Yet he also points out the functional side of Amazon’s ads, which show off everything from the convenience of Alexa, to easy pick-ups from Amazon lockers, and its automated warehouses. And he says Amazon “ensures it includes a clear call to action in its communications, to encourage as much engagement with the brand to convert into action as possible.”

This strategy of combining “emotion-led content and experiences, powered by effective data, in terms of its content distribution and analytics, means they are combining creative intelligence with data in a way many brands could learn from.”

Consumers still engaged with TV

So what does this demonstrably effective approach say about the evolution of advertising in 2018? TV hasn’t been the only screen-based option for advertisers for a long time. Multichannel campaigns are the norm in 2018, hitting consumers from all angles, particularly on social media like Twitter, Instagram, Facebook, Snapchat and YouTube. Cheaper and vastly more targeted, they are often dubbed the future for advertising.

But Aaron Goldman, CMO at marketing technology company 4C Insights, says while marketers are “increasingly adopting multichannel strategies as consumers increasingly interact in multichannel ways, TV is a critical part of that approach because consumers continue to engage with TV content. Now they are just empowered to do it on the device and at the time of their choosing.”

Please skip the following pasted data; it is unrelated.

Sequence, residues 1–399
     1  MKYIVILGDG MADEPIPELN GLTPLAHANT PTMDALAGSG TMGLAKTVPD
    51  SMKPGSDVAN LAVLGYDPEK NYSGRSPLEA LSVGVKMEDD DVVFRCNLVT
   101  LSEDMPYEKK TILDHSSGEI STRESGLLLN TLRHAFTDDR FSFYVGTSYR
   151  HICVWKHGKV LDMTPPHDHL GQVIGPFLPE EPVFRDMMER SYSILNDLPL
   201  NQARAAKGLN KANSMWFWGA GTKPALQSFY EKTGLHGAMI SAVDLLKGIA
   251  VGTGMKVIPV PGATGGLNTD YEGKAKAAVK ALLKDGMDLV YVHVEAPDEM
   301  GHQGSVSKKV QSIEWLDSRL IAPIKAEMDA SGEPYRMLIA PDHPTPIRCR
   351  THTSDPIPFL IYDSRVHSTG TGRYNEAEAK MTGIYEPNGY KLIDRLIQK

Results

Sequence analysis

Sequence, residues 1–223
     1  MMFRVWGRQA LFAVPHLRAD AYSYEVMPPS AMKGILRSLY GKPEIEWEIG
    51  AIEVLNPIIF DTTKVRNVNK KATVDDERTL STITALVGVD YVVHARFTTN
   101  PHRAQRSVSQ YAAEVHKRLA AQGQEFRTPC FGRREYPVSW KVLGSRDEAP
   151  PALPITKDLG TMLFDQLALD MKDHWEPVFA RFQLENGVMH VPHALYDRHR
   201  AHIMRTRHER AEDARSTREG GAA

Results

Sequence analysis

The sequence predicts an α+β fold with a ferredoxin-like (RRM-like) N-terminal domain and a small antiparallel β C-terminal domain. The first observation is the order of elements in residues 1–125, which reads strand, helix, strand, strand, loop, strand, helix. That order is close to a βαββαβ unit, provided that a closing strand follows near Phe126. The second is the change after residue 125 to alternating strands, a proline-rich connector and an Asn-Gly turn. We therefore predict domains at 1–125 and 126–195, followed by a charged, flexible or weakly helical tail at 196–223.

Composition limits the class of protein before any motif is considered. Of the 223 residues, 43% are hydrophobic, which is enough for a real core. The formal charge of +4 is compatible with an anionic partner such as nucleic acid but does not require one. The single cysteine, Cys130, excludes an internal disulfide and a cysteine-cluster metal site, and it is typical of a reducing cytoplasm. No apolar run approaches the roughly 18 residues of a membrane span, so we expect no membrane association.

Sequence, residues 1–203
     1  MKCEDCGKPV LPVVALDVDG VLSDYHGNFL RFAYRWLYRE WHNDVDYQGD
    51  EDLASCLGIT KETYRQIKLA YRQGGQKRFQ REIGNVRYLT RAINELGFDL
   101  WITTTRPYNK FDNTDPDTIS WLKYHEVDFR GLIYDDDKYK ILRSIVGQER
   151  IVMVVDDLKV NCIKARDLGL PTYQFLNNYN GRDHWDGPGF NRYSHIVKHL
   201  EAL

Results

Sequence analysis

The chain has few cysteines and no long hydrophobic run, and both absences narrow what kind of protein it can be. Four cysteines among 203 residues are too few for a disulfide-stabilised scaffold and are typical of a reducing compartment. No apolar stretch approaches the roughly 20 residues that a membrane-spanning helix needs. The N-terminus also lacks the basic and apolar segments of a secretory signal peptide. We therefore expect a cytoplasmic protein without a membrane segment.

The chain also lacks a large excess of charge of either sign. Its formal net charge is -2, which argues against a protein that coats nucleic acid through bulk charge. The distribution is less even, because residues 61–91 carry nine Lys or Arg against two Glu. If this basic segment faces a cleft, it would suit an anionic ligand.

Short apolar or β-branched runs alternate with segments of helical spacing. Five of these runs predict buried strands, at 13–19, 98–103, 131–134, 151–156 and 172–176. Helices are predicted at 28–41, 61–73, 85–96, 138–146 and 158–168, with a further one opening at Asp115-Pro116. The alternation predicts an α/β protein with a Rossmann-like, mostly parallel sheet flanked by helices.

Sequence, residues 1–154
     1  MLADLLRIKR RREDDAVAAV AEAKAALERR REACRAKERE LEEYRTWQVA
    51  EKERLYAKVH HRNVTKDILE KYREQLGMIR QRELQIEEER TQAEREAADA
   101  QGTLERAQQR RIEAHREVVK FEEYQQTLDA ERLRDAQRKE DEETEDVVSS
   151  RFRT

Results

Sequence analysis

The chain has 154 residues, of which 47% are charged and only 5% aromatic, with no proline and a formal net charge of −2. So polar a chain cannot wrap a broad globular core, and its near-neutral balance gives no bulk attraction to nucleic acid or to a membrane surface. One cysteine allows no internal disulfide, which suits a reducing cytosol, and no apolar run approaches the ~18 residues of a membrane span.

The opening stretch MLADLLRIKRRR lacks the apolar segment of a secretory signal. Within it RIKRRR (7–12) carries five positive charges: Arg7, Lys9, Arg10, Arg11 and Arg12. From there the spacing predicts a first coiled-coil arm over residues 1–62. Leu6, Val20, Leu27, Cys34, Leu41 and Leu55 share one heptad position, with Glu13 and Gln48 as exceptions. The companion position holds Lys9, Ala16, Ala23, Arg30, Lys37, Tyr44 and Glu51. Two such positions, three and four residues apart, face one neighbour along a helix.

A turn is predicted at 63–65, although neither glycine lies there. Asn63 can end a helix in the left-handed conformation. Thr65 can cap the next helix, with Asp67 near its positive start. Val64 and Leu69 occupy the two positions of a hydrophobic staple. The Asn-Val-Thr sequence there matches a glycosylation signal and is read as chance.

“In the last few years Amazon has embarked on creating marketing materials which focus on human stories”

He also points out that a multichannel approach ultimately just gives a boost to the original TV-based content, saying it gives brands and retailers the ability to “extend their experience with TV content into the digital sphere, where branded content can achieve a multiplier effect and reach new audiences. These new behaviours are transforming the viewing experience and creating new opportunities for brands to reach consumers on TV, opportunities which are, in many ways, more powerful and impactful than they used to be.”

All the winning campaigns, including Amazon, took advantage of this multichannel environment to create a bespoke approach across different channels. Like Müller (3) which deployed the hashtag #Mullerlicious and offered behind-the-scenes clips of Nicole Scherzinger filming the ad on YouTube. Or McDonald’s (2), which used the hashtag #ReindeerReady and has dozens of YouTube videos that use influencers to enthuse about the quality and provenance of its food.

As well as the social stuff, Amazon is also a heavy investor in print media, says Ian Tansley, non-executive director at global digital marketing agency Croud. “Perhaps the most intriguing aspect of Amazon’s advertising strategy is just how much effort, energy and resource it invests in offline despite its online prowess. In many ways, its recent approach has been akin to that of an old-school advertising strategy.”